Racial Disparities Persist Despite Reductions in Juvenile Incarceration
January 12, 2015 | David Muhammad
Over the last several years, the number of youth incarcerated throughout the country has fallen steadily. Juvenile justice reform efforts have taken hold across the nation, as states begin to move away from harsh corrections-focused systems. A new “Smart on Crime” movement has bipartisan support to reduce incarceration and increase services for youth. New York, New Jersey, Missouri, California, and many states in between have seen significant reductions in juvenile detention.
Over the last several years, the number of youth incarcerated throughout the country has fallen steadily. Juvenile justice reform efforts have taken hold across the nation, as states begin to move away from harsh corrections-focused systems. A new “Smart on Crime” movement has bipartisan support to reduce incarceration and increase services for youth. New York, New Jersey, Missouri, California, and many states in between have seen significant reductions in juvenile detention. In the past ten years, the number of youth confined in county and state facilities has dropped from 100,000 to 65,000.
California has seen the largest decline in youth incarcerated in its state facilities. The California Youth Authority was notorious for its harsh treatment of youth, including widely publicized beatings by guards and huge rates of recidivism. Since 1996, after years of pressure from advocates, media attention, and a major lawsuit, the number of youth in the state-run juvenile correctional facilities was reduced by an astounding 93 percent, from over 10,000 to 689 in 2013.
Despite this tremendous progress, one negative trend continues to persist—large racial and ethnic disparities in the number of youth incarcerated.
Racial disparities remain, for example, in California’s juvenile system. Although African-Americans comprise just six percent of California’s population, they make up 27 percent of youth in state juvenile facilities. Latinos make up 39 percent of the state, but are a majority 59 percent of youth in state lockups.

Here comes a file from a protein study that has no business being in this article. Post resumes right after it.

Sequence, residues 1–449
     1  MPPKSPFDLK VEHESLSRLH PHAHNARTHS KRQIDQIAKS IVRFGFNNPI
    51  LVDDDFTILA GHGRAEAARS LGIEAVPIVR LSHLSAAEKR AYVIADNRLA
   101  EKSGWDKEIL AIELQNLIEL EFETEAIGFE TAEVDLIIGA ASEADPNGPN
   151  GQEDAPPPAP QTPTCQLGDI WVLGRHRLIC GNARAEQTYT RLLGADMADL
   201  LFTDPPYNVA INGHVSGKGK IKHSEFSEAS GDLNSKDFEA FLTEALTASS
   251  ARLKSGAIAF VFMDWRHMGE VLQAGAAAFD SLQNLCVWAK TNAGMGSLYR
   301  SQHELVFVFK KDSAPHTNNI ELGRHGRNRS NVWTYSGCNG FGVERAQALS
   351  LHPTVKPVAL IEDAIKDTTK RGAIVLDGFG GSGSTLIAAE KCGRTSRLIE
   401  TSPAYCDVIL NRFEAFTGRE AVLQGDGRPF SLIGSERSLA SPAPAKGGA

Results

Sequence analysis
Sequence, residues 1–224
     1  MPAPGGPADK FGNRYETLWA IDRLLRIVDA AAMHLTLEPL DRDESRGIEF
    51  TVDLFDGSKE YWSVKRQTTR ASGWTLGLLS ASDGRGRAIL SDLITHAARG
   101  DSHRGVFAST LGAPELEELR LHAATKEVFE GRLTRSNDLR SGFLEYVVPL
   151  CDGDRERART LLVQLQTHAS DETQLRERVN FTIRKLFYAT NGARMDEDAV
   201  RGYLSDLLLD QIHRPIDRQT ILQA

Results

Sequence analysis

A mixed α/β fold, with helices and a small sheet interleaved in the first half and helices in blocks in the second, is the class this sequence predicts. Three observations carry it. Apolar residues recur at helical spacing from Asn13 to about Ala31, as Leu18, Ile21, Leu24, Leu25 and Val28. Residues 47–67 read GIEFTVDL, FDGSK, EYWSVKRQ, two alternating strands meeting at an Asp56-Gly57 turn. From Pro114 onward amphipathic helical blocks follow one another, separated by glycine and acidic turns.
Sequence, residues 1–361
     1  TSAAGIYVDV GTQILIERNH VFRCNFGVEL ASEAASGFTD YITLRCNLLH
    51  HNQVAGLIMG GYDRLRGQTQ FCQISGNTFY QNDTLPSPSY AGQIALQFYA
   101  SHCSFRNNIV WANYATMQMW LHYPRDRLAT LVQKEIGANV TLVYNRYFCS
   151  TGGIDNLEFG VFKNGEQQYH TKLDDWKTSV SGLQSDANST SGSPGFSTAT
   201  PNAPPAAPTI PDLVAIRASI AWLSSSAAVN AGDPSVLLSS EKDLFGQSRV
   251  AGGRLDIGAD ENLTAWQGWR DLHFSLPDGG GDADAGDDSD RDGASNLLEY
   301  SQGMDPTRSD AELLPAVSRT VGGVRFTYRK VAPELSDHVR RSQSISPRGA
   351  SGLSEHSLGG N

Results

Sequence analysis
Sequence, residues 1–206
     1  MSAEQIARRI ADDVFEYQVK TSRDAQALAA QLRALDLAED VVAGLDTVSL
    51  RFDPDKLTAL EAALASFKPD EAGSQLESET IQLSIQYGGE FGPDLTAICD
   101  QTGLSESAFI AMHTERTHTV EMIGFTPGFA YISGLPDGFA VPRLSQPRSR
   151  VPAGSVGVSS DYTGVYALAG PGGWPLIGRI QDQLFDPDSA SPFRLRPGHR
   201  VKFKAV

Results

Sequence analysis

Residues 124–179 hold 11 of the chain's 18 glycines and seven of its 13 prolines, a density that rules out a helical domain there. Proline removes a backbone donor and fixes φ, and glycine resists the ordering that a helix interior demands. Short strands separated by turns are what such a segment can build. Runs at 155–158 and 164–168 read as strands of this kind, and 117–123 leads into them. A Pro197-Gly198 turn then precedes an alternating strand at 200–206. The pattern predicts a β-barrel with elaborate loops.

Racial disparities exist across the continuum of juvenile engagement with police and the corrections systems. In 2013, Black youth comprised 14 percent of the national juvenile population, but accounted for 34 percent of juvenile arrests. During that same year, Black youth comprised 23 percent of all juvenile felony arrests in California while only accounting for 6 percent of the state’s population.
The US Department of Education, in a March 2014 issue brief, notes that while Black students represent 16 percent of student enrollment, they represent 27 percent of students referred to law enforcement and 31 percent of students subjected to a school-related arrest. This makes African American youth 80 percent more likely to be arrested in school than White youth.
In the 1980s, Missouri abolished its old warehouse correctional training schools and replaced them with rehabilitation and education-focused youth centers that have become renowned for their extraordinary outcomes. The “Missouri Model” has been replicated in Washington, DC, Louisiana, New York City, and parts of California. The “Show Me State” is credited with having the lowest recidivism rate of any juvenile justice system in the country.
Despite the state’s great success, disproportionality still reigns. According to the annual census report released by the federal juvenile justice division, in 2011, Black youth represented 16 percent of the Missouri’s juvenile population, but accounted for 40 percent of youth residing in juvenile detention, correctional and/or residential facilities.
So why is there still disproportionality when so much ground has been gained? The evidence is clear: racial bias exists in school disciplinary decisions by school administrators, arrest patterns by police, charging decisions by prosecutors, adjudication and disposition decisions by judges, and out-of-home placement and probation violation decisions by probation departments.
There are effective trainings on implicit bias and cultural competency that law enforcement and system staff should complete. But there are also systematic tools that can be implemented to make decisions based on data that limit the bias of individuals.
For the youth who are currently in the system, we need to improve their outcomes—particularly for those who are overrepresented. There are successful approaches, like Positive Youth Development and mentoring, that are making a difference. NCCD, in its Social Innovation Fund Pay for Success work, is looking for project partners in jurisdictions who want to use Pay for Success financing to help reduce disparity in the juvenile justice system. New funding approaches like Pay for Success may help us push past some of the traditional systemic barriers of government funding.
We invite you to read more about using Pay for Success to ameliorate this problems—including NCCD’s current open solicitation for proposals—by clicking here.